2. Focus on relationships
Student relationships must come before our content this year, which is a hard pill for a curriculum fanatic like me to swallow. Usually I cringe at all of the get-to-know you activities at the beginning of the year, but after not seeing my students for so long, I’ve found myself craving a connection with my kiddos.
I want to get to know my new students and let them know that we will be speaking Spanish, but that we’re going to have fun and that I’m here to support them. After reading all of the positive reviews from Spanish teachers who’ve already implemented this both in physical or virtual classrooms, I can’t wait to try this new Google-based (with optional Pear Deck integration) ice breaker activity during the first week of school!
If you’re looking for even more ways to build relationships with your students from a distance, check out this great post from Dianna (La Profe Plotts) and even more awesome ice-breakers from Elisabeth (Spanish Mama).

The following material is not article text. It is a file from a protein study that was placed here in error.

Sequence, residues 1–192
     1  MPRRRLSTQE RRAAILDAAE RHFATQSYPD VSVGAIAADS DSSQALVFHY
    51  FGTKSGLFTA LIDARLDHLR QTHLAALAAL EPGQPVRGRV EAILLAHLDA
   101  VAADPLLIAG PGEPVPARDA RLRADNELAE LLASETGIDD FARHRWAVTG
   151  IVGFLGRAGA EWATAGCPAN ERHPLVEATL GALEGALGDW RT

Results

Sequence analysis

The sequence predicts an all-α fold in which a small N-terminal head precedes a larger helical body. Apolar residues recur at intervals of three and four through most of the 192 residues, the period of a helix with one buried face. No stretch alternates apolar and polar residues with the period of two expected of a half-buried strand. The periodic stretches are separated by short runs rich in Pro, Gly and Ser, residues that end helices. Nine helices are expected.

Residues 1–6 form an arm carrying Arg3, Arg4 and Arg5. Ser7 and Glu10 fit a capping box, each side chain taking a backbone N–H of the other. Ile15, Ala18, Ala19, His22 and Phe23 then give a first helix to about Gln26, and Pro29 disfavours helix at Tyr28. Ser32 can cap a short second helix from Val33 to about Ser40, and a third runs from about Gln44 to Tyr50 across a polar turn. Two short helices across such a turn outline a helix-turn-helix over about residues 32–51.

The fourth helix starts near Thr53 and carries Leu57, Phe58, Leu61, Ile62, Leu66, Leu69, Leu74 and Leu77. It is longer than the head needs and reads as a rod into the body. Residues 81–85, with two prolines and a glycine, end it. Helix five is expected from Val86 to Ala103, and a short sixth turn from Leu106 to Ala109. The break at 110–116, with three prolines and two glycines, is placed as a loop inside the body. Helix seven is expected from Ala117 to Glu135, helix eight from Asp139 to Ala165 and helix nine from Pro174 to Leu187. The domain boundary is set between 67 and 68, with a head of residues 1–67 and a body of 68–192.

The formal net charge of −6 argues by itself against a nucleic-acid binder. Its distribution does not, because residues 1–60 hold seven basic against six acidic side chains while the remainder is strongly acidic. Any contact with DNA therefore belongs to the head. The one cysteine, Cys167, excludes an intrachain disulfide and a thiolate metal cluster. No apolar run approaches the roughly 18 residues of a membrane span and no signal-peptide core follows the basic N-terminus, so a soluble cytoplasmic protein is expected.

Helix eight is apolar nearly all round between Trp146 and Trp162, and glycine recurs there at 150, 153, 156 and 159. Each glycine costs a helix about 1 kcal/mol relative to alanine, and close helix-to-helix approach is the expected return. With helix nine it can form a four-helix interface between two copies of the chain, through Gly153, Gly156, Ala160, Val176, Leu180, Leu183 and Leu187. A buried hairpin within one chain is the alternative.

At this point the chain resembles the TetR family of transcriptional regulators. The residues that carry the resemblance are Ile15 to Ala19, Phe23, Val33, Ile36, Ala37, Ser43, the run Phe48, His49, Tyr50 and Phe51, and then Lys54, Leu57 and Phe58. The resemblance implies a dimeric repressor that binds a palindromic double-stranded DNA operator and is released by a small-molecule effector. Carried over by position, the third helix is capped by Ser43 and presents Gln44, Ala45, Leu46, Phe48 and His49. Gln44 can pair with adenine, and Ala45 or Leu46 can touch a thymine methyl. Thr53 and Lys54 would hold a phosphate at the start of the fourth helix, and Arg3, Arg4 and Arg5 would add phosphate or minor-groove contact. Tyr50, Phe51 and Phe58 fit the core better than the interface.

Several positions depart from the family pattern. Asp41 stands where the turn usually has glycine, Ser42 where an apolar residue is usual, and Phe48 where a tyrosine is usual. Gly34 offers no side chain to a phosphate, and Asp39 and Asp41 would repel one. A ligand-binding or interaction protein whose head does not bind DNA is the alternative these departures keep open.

3. Get that second monitor
Seriously, a second monitor is a game changer. As you teach your students in Zoom, Google Hangouts, etc., you can easily set up your monitors so that you see your students on one screen and whatever you’re presenting on another. We went into teaching so we can see our students learn, but if we can’t see our kids because a Google Slide is blocking their faces, what’s is the point?
With a second monitor, you’ll be much more efficient. After just one week with a second monitor, I don’t know how I’ll ever go back to one screen. Keep in mind that you don’t need to spend a fortune because you can get a decent monitor for under $100. Think about asking your family and friends on social media if they have an old one gathering dust or you can even use a small TV.
4. Make things easier on yourself
Apparently, 2020, COVID, and distance learning were destined to be the combination of things that finally made me stop grading ALL.OF.THE.THINGS. This year, I’m going to focus on what matters, and my mental health and family time is more important than if a kid completes every learning opportunity I assign.